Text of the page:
27 December 2020 – Well, moss can talk.

It can say …

I 💚 you!

In emerald green, of course. (And twice over, just to show off.)

Oh, Calm Down

19 December 2020 — They have barely started distributing vaccine.

So just calm down.

Cool your jets.

Hold your horses.

(Mutter your own favourite cliché.)

In other words …

Be patient.

Maybe by Valentine’s Day?

Fazes, Flatz & Catz

9 December 2020 – I am zed-obsessed, you will have just noticed, and it’s all because my feet turn right instead of left and send me on a tour of Zedland. (As in, South Flatz-with-a-zed.)

But before the Flatz, a face. (I’m back to proper spelling. Aren’t you glad? A little cute goes a long way.)

This image is just where it should be, in an alley betwixt garbage bin & hydro pole, and I like it a lot. Partly for the message (“It’s okay / to let things / feel a little / bit easier”), mostly for the line strength and enigmatic stare. The power of this graphic brings to mind the face by Toronto street artist Anser that became a city icon.

See what I mean? Not the same, but reminiscent.

I see the face again as I enter an alley down between East 2nd & East 1st, right where my feet turn me right instead of left — unexpectedly toward Emily Carr University and away from my intended visit to False Creek. Eyes even more powerful this time, framed by that rusty railing. (The artist signs as DATA, and I can find nothing helpful online.)

On East 1st now… and yet more faces! Each one presumably giving you a reason to drink Red Truck Beer.

And now, closing in on Emily Carr University of Art + Design, I hit the Zed.

South Flatz will be an entirely legit and valuable campus of high-tech buildings close to Emily Carr. The branding, however, meant to establish creative, street-smart creds for the development, has drawn heavy sarcasm online: “spelled with a ‘z’ because it’s cool!” snipes one review; “so hip it hurts!” I have to confess, my own lip curls at the sight.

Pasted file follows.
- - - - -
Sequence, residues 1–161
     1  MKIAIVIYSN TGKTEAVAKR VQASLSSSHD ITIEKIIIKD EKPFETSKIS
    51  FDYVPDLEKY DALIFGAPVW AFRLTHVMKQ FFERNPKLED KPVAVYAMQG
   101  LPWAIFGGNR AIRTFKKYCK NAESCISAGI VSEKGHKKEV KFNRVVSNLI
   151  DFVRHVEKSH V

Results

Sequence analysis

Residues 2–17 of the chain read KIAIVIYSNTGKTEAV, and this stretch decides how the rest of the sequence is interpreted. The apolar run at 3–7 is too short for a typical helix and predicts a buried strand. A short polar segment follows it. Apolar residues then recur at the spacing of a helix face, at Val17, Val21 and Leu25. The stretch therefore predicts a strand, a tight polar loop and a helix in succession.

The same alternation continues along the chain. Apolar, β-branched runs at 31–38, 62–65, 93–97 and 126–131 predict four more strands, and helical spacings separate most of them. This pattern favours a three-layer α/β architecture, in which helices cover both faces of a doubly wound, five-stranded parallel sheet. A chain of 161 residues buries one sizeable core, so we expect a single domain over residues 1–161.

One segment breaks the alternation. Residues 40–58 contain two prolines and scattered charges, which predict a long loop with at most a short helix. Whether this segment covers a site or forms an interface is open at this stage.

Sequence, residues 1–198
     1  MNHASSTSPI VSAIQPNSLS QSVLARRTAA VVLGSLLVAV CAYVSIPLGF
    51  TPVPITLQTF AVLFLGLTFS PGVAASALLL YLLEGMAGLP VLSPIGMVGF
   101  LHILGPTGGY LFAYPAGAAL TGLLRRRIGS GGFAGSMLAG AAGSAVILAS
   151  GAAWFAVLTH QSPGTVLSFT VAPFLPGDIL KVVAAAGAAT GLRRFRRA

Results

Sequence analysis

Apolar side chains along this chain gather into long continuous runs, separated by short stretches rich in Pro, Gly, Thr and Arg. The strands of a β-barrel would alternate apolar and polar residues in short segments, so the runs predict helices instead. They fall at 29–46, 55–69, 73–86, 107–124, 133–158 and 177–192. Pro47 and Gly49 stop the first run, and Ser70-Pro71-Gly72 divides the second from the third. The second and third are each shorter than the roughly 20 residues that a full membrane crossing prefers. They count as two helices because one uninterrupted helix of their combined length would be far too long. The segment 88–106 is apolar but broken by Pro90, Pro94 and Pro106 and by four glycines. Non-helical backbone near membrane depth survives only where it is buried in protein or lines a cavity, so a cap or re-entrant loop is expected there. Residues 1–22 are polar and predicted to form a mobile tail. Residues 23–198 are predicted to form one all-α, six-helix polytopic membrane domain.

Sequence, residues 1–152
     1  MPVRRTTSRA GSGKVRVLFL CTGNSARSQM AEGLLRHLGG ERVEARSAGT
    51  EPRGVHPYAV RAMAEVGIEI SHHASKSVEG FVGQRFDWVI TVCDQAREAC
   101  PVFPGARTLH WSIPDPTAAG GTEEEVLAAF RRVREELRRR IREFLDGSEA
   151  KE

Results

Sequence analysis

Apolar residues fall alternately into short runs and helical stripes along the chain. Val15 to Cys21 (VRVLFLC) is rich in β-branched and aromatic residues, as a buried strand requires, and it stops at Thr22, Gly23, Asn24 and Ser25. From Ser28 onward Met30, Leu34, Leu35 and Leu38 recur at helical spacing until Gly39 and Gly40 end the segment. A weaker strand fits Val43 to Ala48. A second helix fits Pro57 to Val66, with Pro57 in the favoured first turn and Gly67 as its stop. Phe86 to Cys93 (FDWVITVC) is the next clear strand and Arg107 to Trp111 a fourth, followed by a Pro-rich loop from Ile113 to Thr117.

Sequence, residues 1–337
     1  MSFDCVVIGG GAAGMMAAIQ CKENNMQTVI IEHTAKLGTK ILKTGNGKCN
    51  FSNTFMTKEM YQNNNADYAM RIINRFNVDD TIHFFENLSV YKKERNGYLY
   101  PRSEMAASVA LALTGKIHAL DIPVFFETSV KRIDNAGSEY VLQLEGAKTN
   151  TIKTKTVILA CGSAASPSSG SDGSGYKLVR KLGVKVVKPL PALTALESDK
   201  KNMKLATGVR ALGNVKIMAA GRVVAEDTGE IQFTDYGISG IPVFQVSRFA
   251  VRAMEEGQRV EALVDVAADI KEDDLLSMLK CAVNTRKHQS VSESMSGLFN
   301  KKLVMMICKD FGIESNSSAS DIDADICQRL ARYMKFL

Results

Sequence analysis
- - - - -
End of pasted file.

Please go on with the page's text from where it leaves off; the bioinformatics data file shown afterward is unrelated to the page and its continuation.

But my humour is restored when, in the midst of that glossy line-up of images, I spot Sir Wilfrid Laurier Cat.

What do you mean, you don’t see any resemblance to our country’s 7th prime minister? Look at the collar.

Another cat, but this one more Parking Lot than Parliament Hill. He’s on a service pole in the parking lots stretching on east from Emily Carr. Train tracks to the other side and, here, trucks and tents associated with location shooting for a new documentary film: Managing the Pandemic Risk. (Sigh.)

Also in the parking lot, more faces and — perhaps — another cat. Faces on the back of that colourful van, showing the eponymous Two Nice Guys ready to move your belongings; Perhaps Cat scrawled on that white van right-forefront.

And on I go, as far as Clark Drive, and then south (uphill, pant-pant) until I turn west again on East 10th.

Where I meet two more cats.

In a manner of speaking. Black cat high; gold cat low; neither deigning to acknowledge the other or passers-by. Well, they can’t, can they, because they’re not real. But the behaviour is real …

And just when I think I’m fresh out of cats, and into Starry Trees instead …

I get another cat. In among the branches. White polar bear on the left, more vivid, but red cat nicely visible as he prowls above that star.

Above them all, tucked in the crotch of the tree, a fairy door and a heart with the first phrase of Dr. Henry’s mantra.

“Be kind.”

Nothing to do with faces or cats or Flatz or the letter zed — but always appropriate.

Back to Nature

7 December 2020 – In these strange times, when everything from monarch butterflies to grizzly bears is teaching us distance …

why not let Nature also teach us punctuation?

Trees, for example.

If we just pay enough attention, they will demonstrate for us the full stop …

suspension points …

the exclamation mark …

parentheses …

and even…

yes, and even …

the colon!

The other possibility, of course, is that I have entirely too much time on my hands.

  • WALKING… & SEEING

    "Traveller, there is no path. Paths are made by walking" -- Antonio Machado (1875-1939)

    "The voyage of discovery is not in seeking new landscapes, but in having new eyes" -- Marcel Proust (1871-1922)

    "A city is a language, a repository of possibilities, and walking is the act of speaking that language, of selecting from those possibilities" -- Rebecca Solnit, "Wanderlust: A History of Walking"